What is hardest – getting published, writing or marketing?
I would say…the hardest bit is doing any one of them when you’d like to be doing one of the other two. I have days that I just want to write, days when I’m all business-minded and into marketing, and occasional days when I’m so irritable the only thing I’m good for is precision work like editing, proofreading and formatting for publication. The writing days are the most fun, though the marketing ones can be, too, when I’m writing blog posts, photographing penguins or puzzling out answers to interview questions. Publishing is great for when you want to achieve something – ticking an edit, proofread or published book off your to-do list is an amazing feeling.
What marketing works for you?
I would have to say the best marketing in the world is a positive review on someone’s website, blog or Facebook – or even on Amazon or Goodreads. Just saying, “This book is amazing – you have to read it,” or, “I never thought I’d read a book about mermaids, but I actually liked this one…” is an endorsement money can’t buy, as it’s an honest opinion.
Do you find it hard to share your work?
I did initially, because I honestly didn’t think anyone would be interested. I didn’t want to waste their time. Yet the first polite friend who requested Ocean’s Gift read the whole book the same day and raved about it afterwards. I was so shocked that I decided I had to publish it – after editing, of course!
The other occasion I was nervous about sharing my work was when I first released a little of Nightmares of Caitlin Lockyer, my suspense thriller, on Wattpad, a Canadian writing website. I thought the book was too disturbing, but someone who’d read Ocean’s Gift asked to see it, so I posted the first few chapters. Within a few weeks, more than ten thousand people had read those chapters…and I had another book I’d decided to publish, though I still had to finish writing it.
Is your family supportive? Do your friends support you?
At first, they were very supportive, humouring me in my new hobby, because that’s all it was. Now…with the success my books have seen in my first year, they’re even more supportive than before – something I hadn’t believed possible. I owe them all a big thank you for putting up with my talk of mermaids, fishermen, dragons, raspberries and other strange things.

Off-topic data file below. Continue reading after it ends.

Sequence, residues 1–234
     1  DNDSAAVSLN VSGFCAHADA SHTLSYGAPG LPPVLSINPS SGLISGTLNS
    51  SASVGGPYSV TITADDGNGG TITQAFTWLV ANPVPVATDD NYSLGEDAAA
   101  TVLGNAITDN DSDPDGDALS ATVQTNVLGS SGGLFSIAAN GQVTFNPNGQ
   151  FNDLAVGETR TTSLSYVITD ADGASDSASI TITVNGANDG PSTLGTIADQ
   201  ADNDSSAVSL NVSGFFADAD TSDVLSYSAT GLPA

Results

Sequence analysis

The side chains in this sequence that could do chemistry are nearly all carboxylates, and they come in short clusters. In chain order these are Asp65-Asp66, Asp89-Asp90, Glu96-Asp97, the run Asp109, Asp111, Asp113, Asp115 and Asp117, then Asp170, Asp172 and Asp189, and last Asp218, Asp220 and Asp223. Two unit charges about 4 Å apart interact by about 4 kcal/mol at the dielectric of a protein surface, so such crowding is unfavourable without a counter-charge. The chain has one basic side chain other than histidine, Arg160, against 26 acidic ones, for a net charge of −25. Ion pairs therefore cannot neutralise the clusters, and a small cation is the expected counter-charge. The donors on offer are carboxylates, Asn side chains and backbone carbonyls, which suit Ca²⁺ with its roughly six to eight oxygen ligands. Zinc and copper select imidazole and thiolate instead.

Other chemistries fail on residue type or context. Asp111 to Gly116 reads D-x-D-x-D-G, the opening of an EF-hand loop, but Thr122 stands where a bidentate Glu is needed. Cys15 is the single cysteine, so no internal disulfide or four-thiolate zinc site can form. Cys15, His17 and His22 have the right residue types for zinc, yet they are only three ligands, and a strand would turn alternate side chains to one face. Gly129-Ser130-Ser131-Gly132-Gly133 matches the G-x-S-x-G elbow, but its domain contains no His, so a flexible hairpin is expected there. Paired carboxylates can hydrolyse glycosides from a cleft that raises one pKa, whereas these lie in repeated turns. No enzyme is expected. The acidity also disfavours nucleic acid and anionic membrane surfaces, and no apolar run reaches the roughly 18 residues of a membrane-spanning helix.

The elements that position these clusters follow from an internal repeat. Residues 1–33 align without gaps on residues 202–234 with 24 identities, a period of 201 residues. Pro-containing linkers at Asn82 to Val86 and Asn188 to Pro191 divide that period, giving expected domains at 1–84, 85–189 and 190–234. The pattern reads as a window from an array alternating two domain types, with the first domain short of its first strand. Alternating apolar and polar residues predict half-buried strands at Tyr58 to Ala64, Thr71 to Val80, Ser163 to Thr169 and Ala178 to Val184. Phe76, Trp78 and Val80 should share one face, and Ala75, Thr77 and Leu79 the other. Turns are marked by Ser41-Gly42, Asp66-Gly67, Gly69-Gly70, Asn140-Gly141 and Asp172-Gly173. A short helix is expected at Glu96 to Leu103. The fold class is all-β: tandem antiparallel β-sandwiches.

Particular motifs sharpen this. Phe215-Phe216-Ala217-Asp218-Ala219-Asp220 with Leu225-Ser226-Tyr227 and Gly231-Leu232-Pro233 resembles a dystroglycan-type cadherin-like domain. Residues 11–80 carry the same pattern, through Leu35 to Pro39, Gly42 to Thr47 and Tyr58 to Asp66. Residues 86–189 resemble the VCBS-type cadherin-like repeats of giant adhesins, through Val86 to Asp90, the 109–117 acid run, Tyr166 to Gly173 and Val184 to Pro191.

Do you plan to publish more books?
Absolutely. Ocean’s Gift was my first, but it’s been followed by four more in the space of a year – including two more books in the Ocean’s Gift series. So far, the series looks like it includes at least seven books, plus another prequel novella.
What other jobs have you had in your life?
Oh…quite a few. I’ve worked as a breakfast waitress, a children’s party host, a temporary tattoo artist, a special effects makeup artist, a university lecturer, an underwear model, a cook…and that was all before I got my university degree. Now I have more steady office jobs, where I can’t get away with having blue hair or covering myself in glitter.
If you could study any subject at university what would you pick?
Aside from what I’ve already studied, I’d say either theoretical physics, astronomy or archaeology. All three things fascinate me, but I can’t see myself working in any of those areas.
If you could live anywhere in the world where would it be?
Here. I live in Western Australia because I want to. I love visiting other places and I wouldn’t mind living and working in them for a year or two – but this is and will always be home. Seriously, have you seen the colour of the ocean here? We have some of the most beautiful beaches in the world, native wildlife that invades my small, suburban garden and a Mediterranean climate. Think California or Tuscany…but Aussie.
How do you write – lap top, pen, paper, in bed, at a desk?
Ocean’s Gift and the rest of the series are written on a desktop computer at a spacious desk in my study. Occasionally, I write a little of it on my netbook when I’m travelling, but I’m most comfortable at my desk.
In contrast, Nightmares was originally penned in a collection of notebooks, typed on a mechanical and then an electric typewriter, then word-processed on one of the original Pentium PCs. The result of working on a story for nineteen years as technology changed.
How much sleep do you need to be your best?
Eight hours during darkness, usually between 10pm and 7am. I wish it happened more often than it does, though.
Buy Now @ Amazon
Genre - Australian sea adventure,contemporary urban fantasy,paranormal romance
Rating – PG 13